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“Work with someone that understands.” With Jason Hartman & Allan Kaplan

Is the life policy guaranteed? If not what are the risks? There are many excellent policies, some are guaranteed some completely not. Depending on the buyer’s circumstances and understanding of the non-guaranteed products; either type may be appropriate. The bottom line, work with an agent who really understands the products. As a part of our […]

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Is the life policy guaranteed? If not what are the risks? There are many excellent policies, some are guaranteed some completely not. Depending on the buyer’s circumstances and understanding of the non-guaranteed products; either type may be appropriate. The bottom line, work with an agent who really understands the products.


As a part of our series about the “5 Things You Should Ask Before You Purchase a Life Insurance Policy” I had the pleasure of interviewing Allan Kaplan, CLU, ChFC & CPA.

Allan represents the third generation of Kaplans providing continuous service to their clients. Allan works with businesses and owners in designing executive benefits, business continuity, and wealth transfer plans. Allan’s family’s firm was the first Chicago firm invited to be a member of the M Financial Group.


Thank you so much for doing this with us! Before we dig in, our readers would love to get to know you a bit. Can you tell us a story about what brought you to this specific career path?

After graduating college I took the CPA exam and then took off for almost a year traveling in South America. When I returned I sent my resume to the then Big Eight accounting firms and didn’t get the responses I was hoping for. Living then at home, my dad suggested I find employment. Growing up I watched the careers of my grandfather and Dad, both of whom were very successful. This made the decision easy.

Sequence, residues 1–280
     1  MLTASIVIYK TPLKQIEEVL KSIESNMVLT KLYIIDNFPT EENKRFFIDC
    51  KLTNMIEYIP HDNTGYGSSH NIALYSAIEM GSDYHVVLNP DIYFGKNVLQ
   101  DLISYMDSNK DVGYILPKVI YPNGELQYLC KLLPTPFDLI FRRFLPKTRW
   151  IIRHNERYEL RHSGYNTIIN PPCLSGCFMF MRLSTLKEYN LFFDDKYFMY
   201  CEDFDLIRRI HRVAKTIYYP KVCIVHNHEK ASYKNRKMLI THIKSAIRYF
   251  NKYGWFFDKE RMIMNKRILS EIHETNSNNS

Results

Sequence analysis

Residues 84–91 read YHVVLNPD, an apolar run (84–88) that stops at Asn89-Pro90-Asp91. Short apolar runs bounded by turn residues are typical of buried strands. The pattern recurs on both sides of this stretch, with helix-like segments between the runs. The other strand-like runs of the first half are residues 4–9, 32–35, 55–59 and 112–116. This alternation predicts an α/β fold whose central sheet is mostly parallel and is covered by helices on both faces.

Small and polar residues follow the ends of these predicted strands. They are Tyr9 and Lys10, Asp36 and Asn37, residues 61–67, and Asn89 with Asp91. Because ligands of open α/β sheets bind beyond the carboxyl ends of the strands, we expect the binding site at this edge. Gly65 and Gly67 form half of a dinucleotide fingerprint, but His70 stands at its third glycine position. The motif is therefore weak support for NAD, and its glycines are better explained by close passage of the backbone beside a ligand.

Can you share a story about the funniest mistake you made when you were first starting in the industry? Can you tell us what lesson or take away you learned from that?

On my first calls, I called on a friend’s older brother and my best friend and his wife. I followed the training script that my General Agent had provided. After making both presentations I asked, “How did I do?” Both responded I was too scripted. Since then, I have always tried to be myself.

Are you working on any exciting new projects now? How do you think that will help people?

We have a few projects. The first is an automatic underwriting which is enabling one to obtain life insurance without a physical exam. With the concerns about social distancing, this will permit people to get the insurance needed without having someone enter their space. Another project is Guaranteed Issue of large amounts of coverage for groups of white-collar employees. Once again, no exam and available through age 70.

Are you able to identify a “tipping point” in your career when you started to see success? Did you start doing anything different? Is there a takeaway or lesson that others can learn from that?

Initially, I was calling on people close to my age and who all had the same issue, “they needed life insurance to protect their families”. When I started calling on business owners is when my career changed. They have all kinds of other problems that business ownership brings which life insurance will solve such as business continuity planning, executive benefits and wealth transfer planning.

What advice would you give to other people in the insurance field to thrive and avoid burnout?